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Growth Pays

Neil George
Neil George
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Investing for growth isn't just about making a bet on a stock going up--instead it's about buying solid companies in the right markets that focus on their shareholders.

When you hear the pitch for investing for growth, the one word guaranteed to be in there is Asia.

It's used by brokers peddling Asian mutual funds and CEOs selling resources or exporting stuff back to the US. And we're all easy marks for the message.

Granted, there are a billion-plus people eager to make something of their local economies.

The trouble is that if you've been around the block a few times or know these markets firsthand, you're aware that even if there are plenty of Asian eager beavers, nothing is ever a sure thing.

Recall the late 1990s, when from Beijing to Bangkok there was plenty of red ink on investors' statements. While growth is the word on the street, there are cracks, just like on many of those gleaming towers that were thrown up these past few years.

From potentially slowed demand for exports to the US and Europe to local growth pains, the region isn't without challenges to keep its growth train on track.

But that doesn't mean you avoid the region; simply use the same dictums we use in the US: Don't take promises and don't trust prognostications on faith.

Instead, focus on core industries set to succeed even in tougher times and companies focused on shareholders with solid revenue and steady-to-improving margins and dividends. Dividends give us the staying power and demonstrate that companies paying are likely to be around for a long time, especially in challenging times.

Gathered To Grow

There are plenty of companies that meet our criteria, including members of our model portfolios. One --Matthews Growth & Income Fund, which hopefully you purchased when you could and are adding to along the way -- is closed.

However, if you missed Matthews Growth & Income, check out Matthews Asia Pacific Tiger; it's an excellent substitute.

We've gathered a prime collection of individual companies that fit the model of growth and dividends that are set to work during the ups and downs to come.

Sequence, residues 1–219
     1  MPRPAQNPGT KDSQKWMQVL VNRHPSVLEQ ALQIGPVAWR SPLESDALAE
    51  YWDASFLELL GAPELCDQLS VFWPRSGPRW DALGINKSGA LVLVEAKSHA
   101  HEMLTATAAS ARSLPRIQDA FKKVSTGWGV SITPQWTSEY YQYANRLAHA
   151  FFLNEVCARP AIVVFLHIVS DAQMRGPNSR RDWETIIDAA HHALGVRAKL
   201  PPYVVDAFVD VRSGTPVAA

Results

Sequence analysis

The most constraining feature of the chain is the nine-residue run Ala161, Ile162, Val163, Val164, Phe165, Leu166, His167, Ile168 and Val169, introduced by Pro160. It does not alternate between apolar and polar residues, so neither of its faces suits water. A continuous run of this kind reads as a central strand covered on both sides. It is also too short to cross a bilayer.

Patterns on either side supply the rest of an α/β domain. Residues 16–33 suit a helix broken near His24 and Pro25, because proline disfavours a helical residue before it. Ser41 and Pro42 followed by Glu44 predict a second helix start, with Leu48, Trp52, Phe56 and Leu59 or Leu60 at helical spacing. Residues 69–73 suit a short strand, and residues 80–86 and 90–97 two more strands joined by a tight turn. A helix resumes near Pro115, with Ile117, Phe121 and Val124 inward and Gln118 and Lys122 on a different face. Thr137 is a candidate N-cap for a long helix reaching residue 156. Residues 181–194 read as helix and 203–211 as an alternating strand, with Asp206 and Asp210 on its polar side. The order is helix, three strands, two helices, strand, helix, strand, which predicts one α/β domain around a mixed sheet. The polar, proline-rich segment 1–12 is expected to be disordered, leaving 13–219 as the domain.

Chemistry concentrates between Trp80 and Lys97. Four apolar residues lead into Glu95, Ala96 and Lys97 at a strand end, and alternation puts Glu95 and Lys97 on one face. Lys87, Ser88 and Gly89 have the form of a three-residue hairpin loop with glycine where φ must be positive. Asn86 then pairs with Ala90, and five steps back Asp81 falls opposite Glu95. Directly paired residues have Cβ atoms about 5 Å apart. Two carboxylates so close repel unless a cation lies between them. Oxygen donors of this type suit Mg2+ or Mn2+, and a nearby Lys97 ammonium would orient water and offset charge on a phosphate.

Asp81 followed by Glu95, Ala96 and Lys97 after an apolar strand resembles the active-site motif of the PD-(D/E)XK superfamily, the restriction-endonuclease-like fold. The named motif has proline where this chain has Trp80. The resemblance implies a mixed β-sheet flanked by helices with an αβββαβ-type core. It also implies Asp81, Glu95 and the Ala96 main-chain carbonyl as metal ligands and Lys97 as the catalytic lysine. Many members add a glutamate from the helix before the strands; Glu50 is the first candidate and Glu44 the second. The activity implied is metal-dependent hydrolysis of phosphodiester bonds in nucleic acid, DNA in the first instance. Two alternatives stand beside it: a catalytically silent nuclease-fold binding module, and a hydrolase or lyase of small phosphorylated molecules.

Buy the bunch--for prudent diversification—or at least buy a few. Some trade on the NYSE, while others trade over-the-counter (OTC). The OTC ones take a bit more work, but they're worth the extra effort.

Note: Many high-quality companies will have lower average stock prices in the Asian markets.

We start with Korea Electric Power, the power behind a major engine of global growth. Electronics, steel, cars and tankers, Korea is one of the biggies. Its size and strength show in revenue growth as its gains climb and margins improve.

Rate gains also continue--regulators are recognizing the need to keep the company humming, which ensures sustained profits and payouts. Korea Electric trades at a big discount of 25 percent of revenues and pays a nice dividend exceeding 4 percent. Korea Electric is a buy up to 18.

Next is China's domestic petrol player, PetroChina. The company has been profiting from buoyant oil prices, and it's also integrated in refining and distribution in the local market.

Yes, lower crude prices are coming; but PetroChina should be a beneficiary--it still benefits on downstream businesses with improved margins on lower input costs. With captive consumers in petrol and natural gas and a payout running at 5 percent, which represents only 45 percent of cash flows, PetroChina is a nice buy up to 65.

Banking has its challenges with a bump up in shorter-term interest rates for dollars. However, the old Hong Kong Shanghai Banking Corp--now HSBC--is set above its lesser peers.

Others might scramble to gather deposits to offset higher funding costs, but HSBC has solid deposit growth, ensuring stable funding for its expanding loan portfolio. And it runs its assets and liabilities with an impressive efficiency rate that makes its peers envious. Buy HSBC with its 4 percent dividend up to 85.

Economic Essentials